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05.2013

Massachusetts Beverage Business

archivedAtPressTime

WHEN WHISKY AND ART MEET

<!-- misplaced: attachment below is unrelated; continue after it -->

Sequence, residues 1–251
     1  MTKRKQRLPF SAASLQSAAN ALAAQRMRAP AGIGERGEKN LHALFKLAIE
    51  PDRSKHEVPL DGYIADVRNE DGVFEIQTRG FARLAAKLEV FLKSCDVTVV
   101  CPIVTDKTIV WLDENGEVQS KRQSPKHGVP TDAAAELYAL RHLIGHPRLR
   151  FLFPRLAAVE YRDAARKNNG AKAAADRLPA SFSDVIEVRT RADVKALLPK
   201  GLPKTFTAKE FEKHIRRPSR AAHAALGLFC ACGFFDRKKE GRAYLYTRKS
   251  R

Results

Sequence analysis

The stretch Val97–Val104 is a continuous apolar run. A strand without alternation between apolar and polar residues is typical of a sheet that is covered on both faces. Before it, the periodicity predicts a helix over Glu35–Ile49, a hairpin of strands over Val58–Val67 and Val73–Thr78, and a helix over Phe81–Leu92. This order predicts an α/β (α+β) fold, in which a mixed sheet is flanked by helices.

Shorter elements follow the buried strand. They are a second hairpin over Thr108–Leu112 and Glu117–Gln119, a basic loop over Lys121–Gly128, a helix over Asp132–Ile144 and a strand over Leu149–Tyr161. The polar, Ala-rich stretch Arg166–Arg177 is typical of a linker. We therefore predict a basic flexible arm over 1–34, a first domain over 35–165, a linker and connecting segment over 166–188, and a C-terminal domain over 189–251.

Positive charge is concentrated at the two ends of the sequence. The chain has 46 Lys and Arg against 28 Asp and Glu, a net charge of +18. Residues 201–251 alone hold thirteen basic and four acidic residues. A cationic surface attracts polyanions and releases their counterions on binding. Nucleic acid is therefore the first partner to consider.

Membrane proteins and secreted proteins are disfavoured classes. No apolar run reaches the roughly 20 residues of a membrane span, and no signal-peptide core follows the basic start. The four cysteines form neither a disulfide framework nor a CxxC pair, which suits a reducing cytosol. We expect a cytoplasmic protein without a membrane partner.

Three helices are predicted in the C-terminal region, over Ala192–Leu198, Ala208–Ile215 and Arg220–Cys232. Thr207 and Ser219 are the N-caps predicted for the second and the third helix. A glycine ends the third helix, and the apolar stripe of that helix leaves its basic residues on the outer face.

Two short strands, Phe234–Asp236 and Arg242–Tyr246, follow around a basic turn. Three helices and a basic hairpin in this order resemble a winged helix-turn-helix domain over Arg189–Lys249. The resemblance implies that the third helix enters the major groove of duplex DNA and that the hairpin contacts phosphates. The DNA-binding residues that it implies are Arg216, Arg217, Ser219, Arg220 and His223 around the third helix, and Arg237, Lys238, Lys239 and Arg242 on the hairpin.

Watch out, whisky is getting artsy. Sam Bompas and Harry Parr (who own Bompas & Parr, a company that specializes in creating art using food) have created the world’s first “whisky tornado” – a swirling mist of whisky vapor that can be breathed in through a straw. The project – which was developed in conjunction with scientists at King’s College and was recently showcased at King’s College London’s Festival of Food and Ideas – uses industrial-size humidifiers to generate a vapor of Talisker single malt, which swirls within a giant bell jar. People can dip a straw into the mist and breathe the whisky in, resulting in a new taste experience and hit of alcohol directly to the lungs. Rather than simply a new way to consume a dram, the artwork is designed as a metaphor for the “impact the Scottish weather has on flavor formation in whisky”.  “Many things go into creating the flavors of a whisky,” said Bompas. “We thought it would be interesting to look at the meteorological elements. Sunlight, temperature, rainfall and humidity all contributed to the distinctive aromatics.” Dr. Mark Freeman, senior lecturer in economic and social history at the University of Glasgow, added: “Whisky is shaped by the landscape in which it is distilled and matured, and part of Scotland’s distinctiveness in this respect is its weather. The weather affects the type of barley that can be grown, the amount and quality of water for making whisky, and the environment in which whisky barrels spend their many years of maturation. Some highland whiskies are made largely from snow-melt water, and some say that this has a pronounced effect.”

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